In his best nasal twang, Petty quickly returned to the well, dedicating "Free Fallin' " to anyone "that might be sneaking out on the old lady tonight," hastening to add after a few boos, "or the old man."
Still rockin' hard at age 62, hopefully it'll be awhile before he's knockin' on heaven's door.
5. Jason Isbell and the 400 Unit with Amanda Shires, Sunday
An Alabama favorite son, ex-Drive-By Truckers singer-songwriter/guitarist Isbell is making a comeback that's more personal than professional. A recovering alcoholic since February 2012, he married Shires this February and, though they have separate solo careers, the pair are finding a way to make their fair share of beautiful music together.
Isbell took the opportunity on the compact but acoustically friendly BMI Stage to perform several numbers from Southeastern, his first studio album since 2011, which will be released June 11.
He might not wear his heart on his sleeve but does visibly show his passion for songwriting with lyrics to Bob Dylan's "Boots of Spanish Leather" tattooed across his left forearm -- "Just carry yourself back to me unspoiled from across that lonesome ocean."
Isbell and his fiddle-playing partner looked and sounded like a loving couple still on their honeymoon, harmonizing on songs such as "Stockholm" and Candi Staton's "Heart on a String."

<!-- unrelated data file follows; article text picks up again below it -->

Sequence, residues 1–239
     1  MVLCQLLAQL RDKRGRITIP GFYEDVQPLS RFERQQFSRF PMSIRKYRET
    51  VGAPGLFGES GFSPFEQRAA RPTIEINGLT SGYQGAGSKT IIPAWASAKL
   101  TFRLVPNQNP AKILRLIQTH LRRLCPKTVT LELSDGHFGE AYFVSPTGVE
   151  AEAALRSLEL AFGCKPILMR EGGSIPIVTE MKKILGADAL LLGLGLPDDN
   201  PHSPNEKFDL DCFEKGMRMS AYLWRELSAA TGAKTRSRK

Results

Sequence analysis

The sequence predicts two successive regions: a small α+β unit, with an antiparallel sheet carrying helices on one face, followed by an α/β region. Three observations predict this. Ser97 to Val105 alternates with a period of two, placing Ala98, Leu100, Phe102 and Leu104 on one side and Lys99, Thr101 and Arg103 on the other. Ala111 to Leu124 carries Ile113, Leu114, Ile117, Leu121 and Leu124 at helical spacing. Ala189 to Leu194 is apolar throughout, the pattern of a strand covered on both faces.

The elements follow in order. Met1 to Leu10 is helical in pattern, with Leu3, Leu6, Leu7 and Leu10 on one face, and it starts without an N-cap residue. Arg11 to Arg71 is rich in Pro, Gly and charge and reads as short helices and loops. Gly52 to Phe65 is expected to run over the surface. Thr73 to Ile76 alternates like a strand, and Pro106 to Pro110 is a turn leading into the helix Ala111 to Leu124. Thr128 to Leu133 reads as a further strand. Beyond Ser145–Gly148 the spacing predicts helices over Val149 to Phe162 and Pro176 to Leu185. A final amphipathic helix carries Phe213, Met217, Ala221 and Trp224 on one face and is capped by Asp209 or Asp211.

And they scorched instrumentally through "Decoration Day" and Neil Young's "Like a Hurricane" as Isbell cleared the way with a Duesenberg electric guitar in hand. (From left, Amanda Shires and Jason Isbell.)
His 400 Unit -- Chad Gamble (drums), Jimbo Hart (bass) and Derry deBorja (keyboards) -- were ready, willing and able to supply the requisite power.
The home-state crowd obviously gave Isbell all the vocal support he needed on "Alabama Pines," for which he won 2012's Americana Music Association's Song of the Year.
"That's a fun song to play for you folks, especially," said Isbell, appreciative of the enthusiastic response he received from one of the BMI Stage's biggest crowds, all of whom were just hanging out near the Hangout, the restaurant that bears the festival's name.
The two shore things on the Gulf of Mexico also share the same motto: "Be nice or go home."
It's a form of shaka therapy worth experiencing at least once in a lifetime.
Photos by Michael Bialas. See more from the 2013 Hangout Festival.